B.B. Pande asks whether we should disregard scientific evidence and reverse the long accepted juvenile justice policy just because the public is angry with juvenile criminals (Sept. 24). The answer is a resounding “yes.” Science is not gospel, it is fallible. Many scientific theories are proved incorrect as time goes on. Research on the human brain is not accurate and the findings would definitely have a large variation in data. A 16-year-old may not be mature but another may have matured at 14.

The other point is about percentages — that juvenile crime in India is low. Even if there is a single juvenile heinous crime in a year, the offender should be tried as an adult.

Venkatraman Garke,

Chennai

Why should our treatment of violent juvenile criminals be so simple? Adults can misuse children to commit crimes because they know juvenile offenders are released in just three years even in the worst cases.

K. Tirumala Prasad Redddy,

Kadapa

Studies have shown that many Indian children are abused sexually or in some other form. They are vulnerable and can take to crime. But they should not be punished till they are 17 years, 11 months, 30 days old. An unfortunate child, one day older, can be hanged.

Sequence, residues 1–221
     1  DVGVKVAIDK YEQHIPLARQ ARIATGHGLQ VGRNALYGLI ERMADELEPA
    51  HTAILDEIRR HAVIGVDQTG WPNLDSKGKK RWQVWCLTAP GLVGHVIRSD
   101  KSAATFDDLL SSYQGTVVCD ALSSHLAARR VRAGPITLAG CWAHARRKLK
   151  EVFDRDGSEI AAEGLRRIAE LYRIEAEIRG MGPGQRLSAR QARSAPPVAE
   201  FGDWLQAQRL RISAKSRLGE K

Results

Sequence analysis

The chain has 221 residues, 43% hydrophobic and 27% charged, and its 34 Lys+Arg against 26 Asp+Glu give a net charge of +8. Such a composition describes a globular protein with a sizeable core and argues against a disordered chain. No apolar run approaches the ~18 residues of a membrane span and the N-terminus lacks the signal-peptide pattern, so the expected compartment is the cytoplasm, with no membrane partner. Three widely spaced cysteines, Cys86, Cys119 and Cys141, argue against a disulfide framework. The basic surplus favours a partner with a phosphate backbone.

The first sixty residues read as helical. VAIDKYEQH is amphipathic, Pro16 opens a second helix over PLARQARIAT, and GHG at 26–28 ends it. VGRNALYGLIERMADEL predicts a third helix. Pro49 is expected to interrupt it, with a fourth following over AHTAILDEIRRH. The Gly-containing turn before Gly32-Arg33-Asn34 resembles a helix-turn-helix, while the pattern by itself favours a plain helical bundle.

The question is: how many children grow up to be criminals to avenge society? And how a planned heinous crime qualifies as a child’s revenge? The crime committed by the “juvenile” last year was not a revenge of a young man on a society that abused him. Laws are made on popular opinion. Public opinion has brought down anarchy, monarchy and created a land of equality. We cannot ignore it.

Rishabh Sriwastava,

New Delhi

The arguments advanced in favour of juveniles are true for even young adults who are above the cut-off age. That does not mean young adults around 20 can also be dealt with softly. Harsh punishment, less than the death penalty, meted out to juveniles committing heinous crimes will surely act as a deterrent.

Vazuthur Raghavan,

Bangalore

The article should serve as an eye-opener to those demanding rigorous punishment, including the death sentence, for juveniles involved in brutal crimes. The government should strengthen all institutions involved in the juvenile justice system and sensitise common people on the subject.

M.V. Durga Prasad,

Rajahmundry

The government cannot violate its international obligations. The JJ Act is not without flaws but demands for its amendment must be in conformity with legal provisions.

Tuhin Sinha,

Ghaziabad

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